Wednesday, July 31, 2013

Federal Judges Warn of Crisis in Public Defender Funding

Judges and lawyers went to Capitol Hill last week to once again warn of the dangers of inadequate federal court funding, even as lawmakers moved forward with bills that would restore budget cuts that are crippling the nation’s public defender and clerk offices, reported The National Law Journal.

Judge Julia Gibbons of the Court of Appeals for the Sixth Circuit and chairwoman of the U.S. Judicial Conference’s budget committee, told a Senate subcommittee that the nearly $350 million in cuts to the courts this year under the across-the-board government spending reductions called sequestration, have been “devastating” and “painful.”

Clerks and probation and pretrial offices will lose as many as 1,000 staff and implement 8,600 furlough days during 2013, Gibbons said, which will slow civil and bankruptcy cases and harm public safety and effective representation by counsel. “If funding levels remain flat or decline, it compromises the constitutional mission of the courts,” Gibbons testified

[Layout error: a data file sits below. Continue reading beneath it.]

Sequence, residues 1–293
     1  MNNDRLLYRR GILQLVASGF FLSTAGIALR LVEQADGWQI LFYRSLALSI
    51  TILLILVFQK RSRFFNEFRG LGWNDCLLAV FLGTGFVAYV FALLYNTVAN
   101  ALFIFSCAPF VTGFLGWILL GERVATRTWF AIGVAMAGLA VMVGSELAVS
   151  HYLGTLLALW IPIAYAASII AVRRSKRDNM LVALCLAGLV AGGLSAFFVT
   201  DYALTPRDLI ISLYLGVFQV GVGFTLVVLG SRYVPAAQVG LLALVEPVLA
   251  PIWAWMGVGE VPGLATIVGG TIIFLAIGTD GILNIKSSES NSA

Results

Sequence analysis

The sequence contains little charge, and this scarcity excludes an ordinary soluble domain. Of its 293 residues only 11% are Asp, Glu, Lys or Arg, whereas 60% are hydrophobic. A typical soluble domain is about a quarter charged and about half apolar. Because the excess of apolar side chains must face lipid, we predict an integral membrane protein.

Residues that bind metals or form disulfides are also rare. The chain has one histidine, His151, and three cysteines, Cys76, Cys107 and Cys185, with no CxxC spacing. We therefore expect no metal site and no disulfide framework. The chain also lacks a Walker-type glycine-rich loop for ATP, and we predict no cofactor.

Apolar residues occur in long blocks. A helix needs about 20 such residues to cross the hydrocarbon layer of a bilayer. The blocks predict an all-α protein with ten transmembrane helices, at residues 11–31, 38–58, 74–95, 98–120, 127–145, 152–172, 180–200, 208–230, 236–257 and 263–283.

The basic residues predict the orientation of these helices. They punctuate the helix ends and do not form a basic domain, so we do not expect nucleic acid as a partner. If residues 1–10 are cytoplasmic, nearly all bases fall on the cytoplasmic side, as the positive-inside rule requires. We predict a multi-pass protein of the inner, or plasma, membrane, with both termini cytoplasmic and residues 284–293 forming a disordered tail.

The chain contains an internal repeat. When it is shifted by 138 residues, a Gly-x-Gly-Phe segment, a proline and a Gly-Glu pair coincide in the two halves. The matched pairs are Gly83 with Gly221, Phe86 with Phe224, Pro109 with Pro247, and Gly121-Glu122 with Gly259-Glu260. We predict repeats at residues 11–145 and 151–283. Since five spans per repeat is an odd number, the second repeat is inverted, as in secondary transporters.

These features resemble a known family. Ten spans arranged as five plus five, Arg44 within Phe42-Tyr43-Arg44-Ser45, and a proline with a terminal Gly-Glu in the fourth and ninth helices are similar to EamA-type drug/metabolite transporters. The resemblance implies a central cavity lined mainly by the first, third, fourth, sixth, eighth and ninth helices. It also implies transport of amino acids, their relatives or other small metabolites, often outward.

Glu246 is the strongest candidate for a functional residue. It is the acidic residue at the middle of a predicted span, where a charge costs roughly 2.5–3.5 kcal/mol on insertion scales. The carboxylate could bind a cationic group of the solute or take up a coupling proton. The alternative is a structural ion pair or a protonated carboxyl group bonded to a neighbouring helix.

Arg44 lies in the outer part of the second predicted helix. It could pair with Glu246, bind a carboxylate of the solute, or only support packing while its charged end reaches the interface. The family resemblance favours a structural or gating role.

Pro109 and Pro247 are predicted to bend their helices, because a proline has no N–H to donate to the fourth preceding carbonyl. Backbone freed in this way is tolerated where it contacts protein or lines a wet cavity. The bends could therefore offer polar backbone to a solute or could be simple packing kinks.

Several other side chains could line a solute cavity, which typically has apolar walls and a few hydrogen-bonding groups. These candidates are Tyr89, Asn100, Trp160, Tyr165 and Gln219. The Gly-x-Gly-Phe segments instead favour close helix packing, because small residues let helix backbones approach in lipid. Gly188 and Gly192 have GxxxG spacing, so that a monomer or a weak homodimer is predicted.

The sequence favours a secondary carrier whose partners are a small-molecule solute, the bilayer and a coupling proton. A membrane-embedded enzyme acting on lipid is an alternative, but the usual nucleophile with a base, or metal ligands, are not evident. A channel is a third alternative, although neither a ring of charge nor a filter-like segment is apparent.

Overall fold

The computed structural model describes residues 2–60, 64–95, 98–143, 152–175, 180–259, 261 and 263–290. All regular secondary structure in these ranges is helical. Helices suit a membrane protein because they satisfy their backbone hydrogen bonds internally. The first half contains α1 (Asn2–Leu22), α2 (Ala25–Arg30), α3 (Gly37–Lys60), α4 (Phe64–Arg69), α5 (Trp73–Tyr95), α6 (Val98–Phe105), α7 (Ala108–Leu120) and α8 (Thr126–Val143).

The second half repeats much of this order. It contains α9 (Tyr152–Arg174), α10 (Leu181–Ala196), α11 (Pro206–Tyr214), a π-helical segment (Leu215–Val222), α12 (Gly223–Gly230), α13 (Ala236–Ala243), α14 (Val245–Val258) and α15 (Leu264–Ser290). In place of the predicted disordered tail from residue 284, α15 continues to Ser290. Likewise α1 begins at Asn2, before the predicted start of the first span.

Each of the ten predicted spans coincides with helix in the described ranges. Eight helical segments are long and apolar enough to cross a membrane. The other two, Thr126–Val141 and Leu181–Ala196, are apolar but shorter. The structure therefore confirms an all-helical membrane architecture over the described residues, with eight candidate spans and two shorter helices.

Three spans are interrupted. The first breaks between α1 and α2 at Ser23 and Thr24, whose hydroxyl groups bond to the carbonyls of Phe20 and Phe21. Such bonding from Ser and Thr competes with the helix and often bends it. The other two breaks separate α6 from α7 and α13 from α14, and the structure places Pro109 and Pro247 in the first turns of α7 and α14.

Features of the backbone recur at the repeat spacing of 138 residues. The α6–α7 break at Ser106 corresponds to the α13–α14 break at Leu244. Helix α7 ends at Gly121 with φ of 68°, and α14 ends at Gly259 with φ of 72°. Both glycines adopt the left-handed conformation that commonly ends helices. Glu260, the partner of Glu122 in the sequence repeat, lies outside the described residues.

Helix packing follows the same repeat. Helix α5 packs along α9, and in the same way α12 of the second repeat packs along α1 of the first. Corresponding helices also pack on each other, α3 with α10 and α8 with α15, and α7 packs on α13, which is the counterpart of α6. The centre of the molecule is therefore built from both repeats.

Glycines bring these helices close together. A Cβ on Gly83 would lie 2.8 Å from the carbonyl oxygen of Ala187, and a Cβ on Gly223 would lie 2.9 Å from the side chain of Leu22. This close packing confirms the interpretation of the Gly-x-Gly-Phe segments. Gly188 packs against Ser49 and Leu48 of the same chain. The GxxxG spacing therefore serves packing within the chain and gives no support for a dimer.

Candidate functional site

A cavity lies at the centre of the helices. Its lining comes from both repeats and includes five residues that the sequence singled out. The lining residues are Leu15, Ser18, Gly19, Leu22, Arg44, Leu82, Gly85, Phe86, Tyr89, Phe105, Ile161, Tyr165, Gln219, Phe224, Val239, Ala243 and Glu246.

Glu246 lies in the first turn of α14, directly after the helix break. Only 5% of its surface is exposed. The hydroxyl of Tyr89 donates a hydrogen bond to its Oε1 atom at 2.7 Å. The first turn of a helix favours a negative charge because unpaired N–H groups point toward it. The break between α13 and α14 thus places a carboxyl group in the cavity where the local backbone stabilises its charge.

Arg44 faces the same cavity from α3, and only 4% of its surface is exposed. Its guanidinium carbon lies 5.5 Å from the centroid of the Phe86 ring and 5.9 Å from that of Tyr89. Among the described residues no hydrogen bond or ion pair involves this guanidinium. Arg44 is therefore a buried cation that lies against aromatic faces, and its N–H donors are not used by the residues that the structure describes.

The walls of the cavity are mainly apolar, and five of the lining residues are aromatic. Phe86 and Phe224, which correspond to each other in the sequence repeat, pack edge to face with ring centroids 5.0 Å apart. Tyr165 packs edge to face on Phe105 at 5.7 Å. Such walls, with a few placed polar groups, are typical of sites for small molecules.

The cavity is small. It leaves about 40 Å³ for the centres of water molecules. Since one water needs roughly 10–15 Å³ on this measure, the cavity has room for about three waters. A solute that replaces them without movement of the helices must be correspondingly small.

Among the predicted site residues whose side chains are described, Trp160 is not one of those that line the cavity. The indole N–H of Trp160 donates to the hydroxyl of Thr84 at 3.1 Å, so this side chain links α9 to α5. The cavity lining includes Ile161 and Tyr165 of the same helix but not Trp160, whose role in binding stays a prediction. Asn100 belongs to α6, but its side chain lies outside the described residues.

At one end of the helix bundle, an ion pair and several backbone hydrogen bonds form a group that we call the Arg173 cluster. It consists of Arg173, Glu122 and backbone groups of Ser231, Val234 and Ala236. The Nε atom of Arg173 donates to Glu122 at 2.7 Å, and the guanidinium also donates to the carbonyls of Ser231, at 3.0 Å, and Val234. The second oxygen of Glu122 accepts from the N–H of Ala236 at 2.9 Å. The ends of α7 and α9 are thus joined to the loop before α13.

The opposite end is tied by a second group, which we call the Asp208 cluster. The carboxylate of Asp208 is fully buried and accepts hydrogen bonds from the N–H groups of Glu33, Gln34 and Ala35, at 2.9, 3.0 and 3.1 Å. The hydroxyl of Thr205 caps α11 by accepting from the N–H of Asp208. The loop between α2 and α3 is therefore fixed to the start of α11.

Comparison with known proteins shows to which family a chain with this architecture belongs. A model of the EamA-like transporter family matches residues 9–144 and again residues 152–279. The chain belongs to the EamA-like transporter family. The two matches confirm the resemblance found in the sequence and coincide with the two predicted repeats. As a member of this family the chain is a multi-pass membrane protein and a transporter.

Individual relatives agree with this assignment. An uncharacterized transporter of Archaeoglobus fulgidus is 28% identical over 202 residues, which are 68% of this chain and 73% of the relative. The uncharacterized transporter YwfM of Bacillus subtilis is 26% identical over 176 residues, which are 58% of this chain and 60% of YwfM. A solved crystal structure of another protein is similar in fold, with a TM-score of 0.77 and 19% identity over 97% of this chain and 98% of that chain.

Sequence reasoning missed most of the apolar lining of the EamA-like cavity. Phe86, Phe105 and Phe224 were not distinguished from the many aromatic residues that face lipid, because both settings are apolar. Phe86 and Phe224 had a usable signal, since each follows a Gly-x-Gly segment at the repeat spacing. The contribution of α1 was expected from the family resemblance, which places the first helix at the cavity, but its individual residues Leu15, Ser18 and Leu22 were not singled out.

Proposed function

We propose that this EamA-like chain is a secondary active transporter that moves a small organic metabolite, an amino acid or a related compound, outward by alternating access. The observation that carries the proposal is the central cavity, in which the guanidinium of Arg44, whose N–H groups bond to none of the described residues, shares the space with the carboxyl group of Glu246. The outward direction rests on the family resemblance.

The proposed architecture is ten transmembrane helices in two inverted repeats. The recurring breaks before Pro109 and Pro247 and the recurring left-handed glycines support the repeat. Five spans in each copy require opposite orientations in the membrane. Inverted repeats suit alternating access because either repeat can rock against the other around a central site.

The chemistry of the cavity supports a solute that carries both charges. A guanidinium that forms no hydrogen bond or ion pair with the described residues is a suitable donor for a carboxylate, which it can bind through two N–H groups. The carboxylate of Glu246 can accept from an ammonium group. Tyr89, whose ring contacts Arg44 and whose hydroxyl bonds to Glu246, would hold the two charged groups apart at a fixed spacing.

Michael Nachmanoff, federal public defender for the Eastern District of Virginia, said that the nation’s federal defender system has lost than 200 employees and will be even worse off when the new budget starts on October 1, 2013. Federal defenders will be forced to terminate up to half their employees and close branch offices if funding stays at the same level, Nachmanoff told the Senate Subcommittee on Bankruptcy and the Courts. “If action is not taken immediately to save the program, the federal defender system will be devastated,” Nachmanoff said.

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